Multiple instances learning

Making predictions for bags of instances

March 2, 2024

Molecules or materials are dynamic. At realistic temperatures, there will always be an ensemble of different conformers. In addition, we typically do not deal with pure materials but more commonly with blends for which the exact structure is not known.

Multiple instances learning (MIL) is a framework that allows us to make predictions for such systems. For example, by thinking of molecules as bags of conformers or materials as bags of components of a blend.

Often, practioners already use without explicitly naming it. An overview over applications in chemistry can be found in Zankov et al.

The idea behind multiple instances learning

At its core, MIL is a variant of supervised learning that handles data grouped into bags, each containing multiple instances. In the context of chemical prediction, a “bag” might represent a single chemical compound, and the “instances” within could be different conformations, representations, or features of that compound. The distinctive aspect of MIL is that it assigns labels to bags, not to the individual instances they contain, making it particularly suited to scenarios where precise instance-level labels are hard to obtain or define.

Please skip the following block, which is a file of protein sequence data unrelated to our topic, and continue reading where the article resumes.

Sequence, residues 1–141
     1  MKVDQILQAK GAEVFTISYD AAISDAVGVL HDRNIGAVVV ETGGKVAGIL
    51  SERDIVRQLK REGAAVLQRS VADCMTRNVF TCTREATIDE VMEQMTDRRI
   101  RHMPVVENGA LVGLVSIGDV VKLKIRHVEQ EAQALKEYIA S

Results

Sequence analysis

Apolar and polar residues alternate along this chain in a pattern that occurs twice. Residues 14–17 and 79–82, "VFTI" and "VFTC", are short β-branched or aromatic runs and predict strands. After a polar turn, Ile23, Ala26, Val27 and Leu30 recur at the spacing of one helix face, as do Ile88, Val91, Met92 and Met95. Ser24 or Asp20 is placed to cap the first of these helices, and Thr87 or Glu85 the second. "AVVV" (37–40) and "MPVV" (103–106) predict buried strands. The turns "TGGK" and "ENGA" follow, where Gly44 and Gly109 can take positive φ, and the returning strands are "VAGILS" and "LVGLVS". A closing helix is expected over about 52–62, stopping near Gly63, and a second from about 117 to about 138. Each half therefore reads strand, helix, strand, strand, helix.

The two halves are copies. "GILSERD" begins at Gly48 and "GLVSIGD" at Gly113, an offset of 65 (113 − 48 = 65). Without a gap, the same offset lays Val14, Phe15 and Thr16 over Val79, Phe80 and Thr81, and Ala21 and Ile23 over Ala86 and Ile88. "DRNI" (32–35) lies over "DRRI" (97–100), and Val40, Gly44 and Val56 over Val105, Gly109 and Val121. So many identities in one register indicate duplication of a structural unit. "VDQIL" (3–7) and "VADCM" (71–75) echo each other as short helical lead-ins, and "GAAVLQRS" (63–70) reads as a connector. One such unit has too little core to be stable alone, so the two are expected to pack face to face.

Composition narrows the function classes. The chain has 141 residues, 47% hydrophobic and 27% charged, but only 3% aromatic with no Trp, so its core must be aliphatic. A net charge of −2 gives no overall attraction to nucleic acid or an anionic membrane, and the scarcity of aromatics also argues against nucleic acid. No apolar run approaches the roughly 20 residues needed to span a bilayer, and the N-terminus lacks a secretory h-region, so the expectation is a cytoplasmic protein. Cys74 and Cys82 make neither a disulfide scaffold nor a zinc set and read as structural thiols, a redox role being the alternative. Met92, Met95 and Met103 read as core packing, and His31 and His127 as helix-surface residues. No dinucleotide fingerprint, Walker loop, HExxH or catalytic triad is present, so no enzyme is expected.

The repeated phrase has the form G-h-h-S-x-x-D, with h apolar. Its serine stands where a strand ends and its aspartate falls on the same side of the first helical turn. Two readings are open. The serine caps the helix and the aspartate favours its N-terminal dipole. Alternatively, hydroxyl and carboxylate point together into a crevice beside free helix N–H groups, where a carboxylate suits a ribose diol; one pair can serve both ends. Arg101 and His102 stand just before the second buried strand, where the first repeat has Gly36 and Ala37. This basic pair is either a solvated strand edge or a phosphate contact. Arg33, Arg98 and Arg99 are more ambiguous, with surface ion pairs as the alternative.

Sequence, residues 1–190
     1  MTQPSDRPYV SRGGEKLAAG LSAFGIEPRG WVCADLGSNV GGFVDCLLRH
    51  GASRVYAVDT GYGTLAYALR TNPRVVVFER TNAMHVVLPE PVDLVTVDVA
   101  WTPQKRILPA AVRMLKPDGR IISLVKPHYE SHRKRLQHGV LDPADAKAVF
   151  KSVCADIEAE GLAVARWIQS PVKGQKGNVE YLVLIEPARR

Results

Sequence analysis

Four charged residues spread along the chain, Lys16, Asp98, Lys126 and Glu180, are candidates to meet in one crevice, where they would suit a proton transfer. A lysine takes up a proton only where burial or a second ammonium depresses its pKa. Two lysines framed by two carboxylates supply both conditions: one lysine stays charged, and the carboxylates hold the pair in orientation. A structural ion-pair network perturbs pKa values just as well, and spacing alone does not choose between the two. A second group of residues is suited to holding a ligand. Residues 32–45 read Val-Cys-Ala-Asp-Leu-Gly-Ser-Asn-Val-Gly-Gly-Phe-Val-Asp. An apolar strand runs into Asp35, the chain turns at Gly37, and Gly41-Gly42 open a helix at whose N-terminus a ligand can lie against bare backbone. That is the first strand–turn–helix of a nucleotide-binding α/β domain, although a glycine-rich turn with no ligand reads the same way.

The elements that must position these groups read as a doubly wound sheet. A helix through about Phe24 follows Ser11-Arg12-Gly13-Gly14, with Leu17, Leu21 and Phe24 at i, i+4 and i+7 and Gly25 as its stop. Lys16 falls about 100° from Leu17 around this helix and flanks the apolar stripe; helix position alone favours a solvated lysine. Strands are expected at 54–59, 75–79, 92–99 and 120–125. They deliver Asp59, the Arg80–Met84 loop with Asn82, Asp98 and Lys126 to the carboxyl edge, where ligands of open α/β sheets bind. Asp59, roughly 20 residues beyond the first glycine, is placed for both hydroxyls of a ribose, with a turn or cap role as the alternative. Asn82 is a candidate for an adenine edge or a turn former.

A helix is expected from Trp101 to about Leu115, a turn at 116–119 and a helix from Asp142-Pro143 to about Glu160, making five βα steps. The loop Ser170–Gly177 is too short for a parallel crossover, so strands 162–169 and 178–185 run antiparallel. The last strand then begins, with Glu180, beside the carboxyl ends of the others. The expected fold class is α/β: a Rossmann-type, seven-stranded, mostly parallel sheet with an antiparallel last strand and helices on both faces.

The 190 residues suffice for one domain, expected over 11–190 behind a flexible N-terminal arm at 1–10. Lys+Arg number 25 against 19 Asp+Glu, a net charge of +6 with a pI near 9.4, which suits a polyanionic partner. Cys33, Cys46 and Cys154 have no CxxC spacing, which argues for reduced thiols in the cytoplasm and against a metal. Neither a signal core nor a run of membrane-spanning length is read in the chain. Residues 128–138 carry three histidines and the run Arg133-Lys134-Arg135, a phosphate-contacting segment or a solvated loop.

It was formalized 1997 by a team around Thomas G. Dietterich with the goal of better drug-activity predictions.

Overview of multiple instances learning. A bag (e.g. molecule) consists of multiple instances (e.g. conformers or tautomers). The goal is to make predictions for each bag.

Approaches to MIL

There are different ways to perform MIL: At the instance-level or the bag-level